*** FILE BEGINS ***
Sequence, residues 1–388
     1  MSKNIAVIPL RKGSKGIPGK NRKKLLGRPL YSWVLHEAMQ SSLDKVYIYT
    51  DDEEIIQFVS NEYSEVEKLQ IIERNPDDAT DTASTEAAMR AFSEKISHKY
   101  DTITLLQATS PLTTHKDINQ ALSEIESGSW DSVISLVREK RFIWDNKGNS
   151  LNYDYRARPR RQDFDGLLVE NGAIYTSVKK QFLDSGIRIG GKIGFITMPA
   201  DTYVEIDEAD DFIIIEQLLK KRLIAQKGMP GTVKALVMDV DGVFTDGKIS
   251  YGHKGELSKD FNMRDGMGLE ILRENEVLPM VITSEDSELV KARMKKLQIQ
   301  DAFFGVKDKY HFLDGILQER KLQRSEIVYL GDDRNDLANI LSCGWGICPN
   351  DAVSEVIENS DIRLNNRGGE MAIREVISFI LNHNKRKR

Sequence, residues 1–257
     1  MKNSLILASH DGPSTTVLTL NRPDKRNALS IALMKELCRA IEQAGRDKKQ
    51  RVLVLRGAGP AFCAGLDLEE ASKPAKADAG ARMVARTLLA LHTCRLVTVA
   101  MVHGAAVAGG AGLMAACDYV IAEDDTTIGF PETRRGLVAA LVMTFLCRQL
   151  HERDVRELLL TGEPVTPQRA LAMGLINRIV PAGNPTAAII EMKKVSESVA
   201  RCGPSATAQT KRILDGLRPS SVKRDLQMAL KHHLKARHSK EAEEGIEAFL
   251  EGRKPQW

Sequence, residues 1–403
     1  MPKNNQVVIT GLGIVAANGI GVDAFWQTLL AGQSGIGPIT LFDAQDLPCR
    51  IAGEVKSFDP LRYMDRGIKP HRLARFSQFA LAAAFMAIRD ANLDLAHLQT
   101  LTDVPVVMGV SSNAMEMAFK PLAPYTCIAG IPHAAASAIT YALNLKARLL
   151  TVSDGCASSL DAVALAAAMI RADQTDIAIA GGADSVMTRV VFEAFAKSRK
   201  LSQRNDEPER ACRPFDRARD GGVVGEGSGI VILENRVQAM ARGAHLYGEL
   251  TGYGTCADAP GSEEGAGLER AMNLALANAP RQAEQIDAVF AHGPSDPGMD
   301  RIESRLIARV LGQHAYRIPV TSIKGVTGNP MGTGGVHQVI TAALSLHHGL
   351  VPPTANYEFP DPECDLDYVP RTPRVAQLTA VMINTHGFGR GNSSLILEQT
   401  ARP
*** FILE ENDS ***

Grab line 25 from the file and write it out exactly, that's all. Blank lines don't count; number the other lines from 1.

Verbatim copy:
   351  VPPTANYEFP DPECDLDYVP RTPRVAQLTA VMINTHGFGR GNSSLILEQT